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‘Blockbuster’ Exhibit Imagines Increased Housing

‘Blockbuster’ Exhibit Imagines Increased Housing
Homes are represented by tiny wooden pieces, each approximately 1-inch long and a half-inch deep and tall

Homes are represented by tiny wooden pieces, each approximately 1-inch long and a half-inch deep and tall

Carl Smith wonders how continued population growth will make northwest Arkansas look in 40 years. In order to imagine it, he’s created an exhibition with thousands of tiny, wooden boxes.

Smith, assistant professor of landscape architecture, created this exhibit with Bethany Springer, assistant professor of art. Smith’s idea is rooted in an exhibition he saw by West 8, a renowned Dutch urban design and landscape architecture firm, which used tiny wooden houses to prompt discussion about the housing boom in the Netherlands.

 He wondered if something similar would work for northwest Arkansas. The result is an interactive exhibition titled “Blockbuster: Imagining a Future Fabric for Northwest Arkansas.”

It’s easy to toss out numbers, like the 37,500 new homes expected in Fayetteville by 2050, or even the estimated 25,000 for Bentonville in that time.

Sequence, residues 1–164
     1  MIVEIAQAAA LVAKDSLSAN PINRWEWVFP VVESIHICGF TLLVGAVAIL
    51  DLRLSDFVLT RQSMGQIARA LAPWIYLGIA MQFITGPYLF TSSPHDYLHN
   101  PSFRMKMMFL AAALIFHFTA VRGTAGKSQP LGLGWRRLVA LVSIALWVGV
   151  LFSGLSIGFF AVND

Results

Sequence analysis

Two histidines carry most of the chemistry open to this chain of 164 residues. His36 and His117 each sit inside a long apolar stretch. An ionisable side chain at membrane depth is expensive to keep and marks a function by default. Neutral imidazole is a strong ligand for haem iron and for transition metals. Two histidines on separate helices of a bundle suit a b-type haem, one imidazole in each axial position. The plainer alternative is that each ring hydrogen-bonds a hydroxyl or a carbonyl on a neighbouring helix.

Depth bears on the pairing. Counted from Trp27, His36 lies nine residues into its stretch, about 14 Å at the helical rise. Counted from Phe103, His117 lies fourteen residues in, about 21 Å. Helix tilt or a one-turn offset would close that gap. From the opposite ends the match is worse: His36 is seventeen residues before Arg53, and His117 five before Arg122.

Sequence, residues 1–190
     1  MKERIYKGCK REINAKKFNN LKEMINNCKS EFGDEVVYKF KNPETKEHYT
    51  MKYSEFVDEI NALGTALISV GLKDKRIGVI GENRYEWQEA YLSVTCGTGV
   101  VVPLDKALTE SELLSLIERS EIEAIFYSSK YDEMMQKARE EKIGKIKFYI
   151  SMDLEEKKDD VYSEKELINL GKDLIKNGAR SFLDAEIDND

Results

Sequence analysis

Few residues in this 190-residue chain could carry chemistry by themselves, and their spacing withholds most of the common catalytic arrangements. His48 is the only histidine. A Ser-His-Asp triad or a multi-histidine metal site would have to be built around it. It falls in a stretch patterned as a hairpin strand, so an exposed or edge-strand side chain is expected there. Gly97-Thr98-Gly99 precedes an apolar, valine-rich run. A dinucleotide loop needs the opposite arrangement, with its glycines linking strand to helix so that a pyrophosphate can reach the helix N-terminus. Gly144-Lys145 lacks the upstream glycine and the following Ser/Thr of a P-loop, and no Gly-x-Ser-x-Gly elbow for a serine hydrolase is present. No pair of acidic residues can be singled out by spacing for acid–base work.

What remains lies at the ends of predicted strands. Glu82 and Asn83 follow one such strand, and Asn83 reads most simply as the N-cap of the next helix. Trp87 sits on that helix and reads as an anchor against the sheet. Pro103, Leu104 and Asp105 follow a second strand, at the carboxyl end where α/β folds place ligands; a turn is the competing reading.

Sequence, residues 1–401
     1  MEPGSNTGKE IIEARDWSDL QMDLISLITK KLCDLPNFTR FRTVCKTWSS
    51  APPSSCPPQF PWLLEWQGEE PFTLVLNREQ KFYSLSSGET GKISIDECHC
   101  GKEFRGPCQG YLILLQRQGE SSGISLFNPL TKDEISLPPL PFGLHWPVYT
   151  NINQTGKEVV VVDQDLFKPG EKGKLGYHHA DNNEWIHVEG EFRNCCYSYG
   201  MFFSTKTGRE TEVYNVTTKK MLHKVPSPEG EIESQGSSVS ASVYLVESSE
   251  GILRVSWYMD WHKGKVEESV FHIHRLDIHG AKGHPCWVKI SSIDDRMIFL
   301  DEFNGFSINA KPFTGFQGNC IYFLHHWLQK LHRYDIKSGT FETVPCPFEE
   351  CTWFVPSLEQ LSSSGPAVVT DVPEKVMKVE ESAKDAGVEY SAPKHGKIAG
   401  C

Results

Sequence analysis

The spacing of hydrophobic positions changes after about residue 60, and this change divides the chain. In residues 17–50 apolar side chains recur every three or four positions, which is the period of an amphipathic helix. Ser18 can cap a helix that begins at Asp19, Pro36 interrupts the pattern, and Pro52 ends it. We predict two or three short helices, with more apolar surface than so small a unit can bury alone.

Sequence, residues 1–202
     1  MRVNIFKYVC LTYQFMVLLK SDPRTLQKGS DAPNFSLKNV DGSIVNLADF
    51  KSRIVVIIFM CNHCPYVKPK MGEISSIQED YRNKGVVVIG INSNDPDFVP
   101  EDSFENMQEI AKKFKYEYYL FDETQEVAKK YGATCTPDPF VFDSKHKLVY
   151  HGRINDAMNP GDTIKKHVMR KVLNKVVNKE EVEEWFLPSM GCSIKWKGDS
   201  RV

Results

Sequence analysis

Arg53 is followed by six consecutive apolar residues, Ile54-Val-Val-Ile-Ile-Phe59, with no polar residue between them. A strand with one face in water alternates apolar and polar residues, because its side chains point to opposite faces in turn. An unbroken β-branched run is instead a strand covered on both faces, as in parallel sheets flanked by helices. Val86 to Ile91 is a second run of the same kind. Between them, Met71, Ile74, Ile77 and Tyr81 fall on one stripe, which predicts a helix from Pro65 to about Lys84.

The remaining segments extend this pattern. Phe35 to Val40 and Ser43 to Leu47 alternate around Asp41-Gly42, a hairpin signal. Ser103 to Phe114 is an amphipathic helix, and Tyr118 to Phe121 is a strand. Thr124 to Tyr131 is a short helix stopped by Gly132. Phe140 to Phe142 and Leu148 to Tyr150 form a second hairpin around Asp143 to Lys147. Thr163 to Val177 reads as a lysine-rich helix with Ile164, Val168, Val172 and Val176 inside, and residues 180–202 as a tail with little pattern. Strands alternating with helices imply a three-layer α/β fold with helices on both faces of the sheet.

“Those numbers don’t really mean that much unless you can demonstrate to people what that actually looks likes,” Smith said.

So those homes are represented by tiny wooden pieces, each approximately 1-inch long and a half-inch deep and tall. On a scale where an inch represents 45 feet, these wooden “homes” stand in for roughly 2,000-square-foot homes.

Smith, who’s from England, said that country covers about as many square miles as Arkansas, yet Arkansas has a population of just about 3 million compared to England’s 51 million.

“When you’ve got so much land, it’s difficult to perceive there being a problem,” he said. “I think that underscores a lot of the sprawl that’s occurred in the U.S.”

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